Not just big banners, destinations can target all platforms

Interview with Abhijeet Patil, Chairman of Globe Hoppers
/ New Delhi
Not just big banners, destinations can target all platforms

"There is a need for a catalyst with a very structured and scientific approach to choosing locations based on the criteria of the film studios is very essential," says Abhijeet Patil

While destinations from across the world are lining up to attract Indian filmmakers, they need a clear strategy and infrastructure in place, besides the financial incentives like tax rebates, Abhijeet Patil, Chairman of Globe Hoppers and an active player in bridging gap between destinations and Indian studios, tells India Outbound.
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What role do you play in helping filmmakers choose location?

Abhijeet Patil

Abhijeet Patil

Shooting of films in various overseas locations has been going on since time immemorial. But as the film industry itself becomes more and more professional and as the young executives begin to call the shots, they take very pragmatic decisions based on the commercial value and not just the cinematographic or creative appeal. In this situation, there is a need for a catalyst with a very structured and scientific approach to choosing locations based on the criteria of the film studios is very essential.

We have been hosting a programme where the locations and the film studios come together and explore collaborations. And that way, if you see we are trying to scale it up, we are not happy just introducing one tourism board to somebody. We are looking at the big picture, bringing in the ambassadors, bringing in high commissioners, bringing in the Ministry of External Affairs to understand the potential of this segment. And I think in its eighth edition, we have kind of reached somewhere there.

How have you scaled it up and what are your takeaways?

We started off with one small panel discussion on cinema locations. Today we had half the industry here. So in that sense I do not look at any takeaways, but yes, more ideas for what we can do next time to better it. And that’s probably a takeaway.

How important is the India market for outbound destinations?

It’s a very interesting question because post-Covid it is not three or four, it is probably 20 or 30 countries which are chasing the Indian pie for films and weddings. I myself am talking with about 12 to 14 embassies and consulate heads, each trying to look at how we can curate the film tourism vertical. So in that sense the emerging market is seeing a paradigm shift. You have a destination like Saudi Arabia which is coming in such a big way. You even have a South Korea which is looking at Indian films. But each has its own niche way of attacking the industry. Probably Korea may want just to select films which can change the complexion. Saudi Arabia may want to carpet bomb everybody to come and shoot there.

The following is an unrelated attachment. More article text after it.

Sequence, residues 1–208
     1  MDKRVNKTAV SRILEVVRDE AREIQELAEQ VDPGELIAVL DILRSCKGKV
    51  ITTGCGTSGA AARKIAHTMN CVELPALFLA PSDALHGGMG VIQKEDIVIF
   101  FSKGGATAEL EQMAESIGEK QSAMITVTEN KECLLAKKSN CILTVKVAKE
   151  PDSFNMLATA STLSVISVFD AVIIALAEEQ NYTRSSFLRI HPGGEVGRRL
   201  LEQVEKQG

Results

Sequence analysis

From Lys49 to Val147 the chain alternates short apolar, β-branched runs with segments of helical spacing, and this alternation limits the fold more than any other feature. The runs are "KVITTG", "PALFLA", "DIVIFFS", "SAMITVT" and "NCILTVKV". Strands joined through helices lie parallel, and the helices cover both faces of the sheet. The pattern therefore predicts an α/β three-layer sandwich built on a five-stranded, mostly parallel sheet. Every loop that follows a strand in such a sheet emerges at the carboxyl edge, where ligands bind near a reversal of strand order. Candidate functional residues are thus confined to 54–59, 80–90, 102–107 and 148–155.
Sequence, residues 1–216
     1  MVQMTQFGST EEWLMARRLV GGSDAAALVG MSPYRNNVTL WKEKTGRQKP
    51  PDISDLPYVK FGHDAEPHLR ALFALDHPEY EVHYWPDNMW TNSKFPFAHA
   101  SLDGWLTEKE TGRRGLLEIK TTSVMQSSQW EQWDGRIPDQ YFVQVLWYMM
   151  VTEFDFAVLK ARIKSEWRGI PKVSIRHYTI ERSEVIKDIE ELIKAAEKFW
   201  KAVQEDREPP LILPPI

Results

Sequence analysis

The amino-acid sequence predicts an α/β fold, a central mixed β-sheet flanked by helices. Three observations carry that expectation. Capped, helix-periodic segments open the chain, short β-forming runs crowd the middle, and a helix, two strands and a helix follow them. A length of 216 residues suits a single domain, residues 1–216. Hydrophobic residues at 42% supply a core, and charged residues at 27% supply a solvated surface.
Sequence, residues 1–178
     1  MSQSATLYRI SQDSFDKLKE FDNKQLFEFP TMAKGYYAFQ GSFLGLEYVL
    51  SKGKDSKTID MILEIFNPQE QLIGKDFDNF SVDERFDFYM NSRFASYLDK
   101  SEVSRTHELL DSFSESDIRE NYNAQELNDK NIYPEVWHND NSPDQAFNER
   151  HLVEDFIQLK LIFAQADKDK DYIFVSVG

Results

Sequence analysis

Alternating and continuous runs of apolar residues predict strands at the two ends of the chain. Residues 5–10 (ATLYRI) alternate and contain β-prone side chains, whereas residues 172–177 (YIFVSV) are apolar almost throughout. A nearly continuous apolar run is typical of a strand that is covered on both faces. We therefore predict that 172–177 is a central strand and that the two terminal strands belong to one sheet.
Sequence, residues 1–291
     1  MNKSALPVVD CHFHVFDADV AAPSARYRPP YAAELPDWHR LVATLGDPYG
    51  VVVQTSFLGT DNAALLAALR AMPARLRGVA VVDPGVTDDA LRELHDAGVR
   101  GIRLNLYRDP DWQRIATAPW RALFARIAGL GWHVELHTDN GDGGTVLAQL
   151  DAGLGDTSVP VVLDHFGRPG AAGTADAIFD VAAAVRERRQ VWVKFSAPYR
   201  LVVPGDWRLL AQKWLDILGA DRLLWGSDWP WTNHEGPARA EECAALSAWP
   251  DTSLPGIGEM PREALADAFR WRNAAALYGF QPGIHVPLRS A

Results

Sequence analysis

Which vertical of Indian cinema has the biggest demand for outbound locales?

See, the industry in South India has always been very strong and professional. It is just that of late, post-Covid, that they have really rocked the Bollywood boat in a manner that nobody anticipated. But knowing that this is such a strong industry, we had already made forays with them. Then the advent of OTT platforms has also changed the dynamics. Today you have probably 400-500 scripts going to Yash Raj studio in a month. I mean, that’s a huge amount of content being developed. If that is what is going to one company, can you imagine how much shooting is going to happen in the coming years?

Should locations look only for big banner films?

I actually tell many of the tourism boards that while you’re chasing the big guns like Yash Raj or Dharma, you must look at verticals of regional cinema, the OTT play and television. As, each of these offers a potential for shooting in their locations and destinations customise cost effective usage of various platforms in various verticals to leverage the best results for themselves. You don’t need only the Dharma or the Yash Raj. But, of course one hit song in a Dharma or a cameo in a Yash Raj film can change the entire complexion of tourism to that destination. I don’t deny that, but why miss out on other opportunities, while waiting for the big banners?

What lies next?

It is an ongoing process for us and it is not over just because we have done an event. The event is a platform to make people meet. The post-event work is actually our work. We actually have lined up about 30 meetings for the presenters to meet the production houses on one-on-one basis and things keep evolving. For instance, a particular production house may have been looking at option A, but after a discussion or a presentation, they may want to meet destination B. This has to be done with a thorough follow up after the initial discussions. That’s our role.

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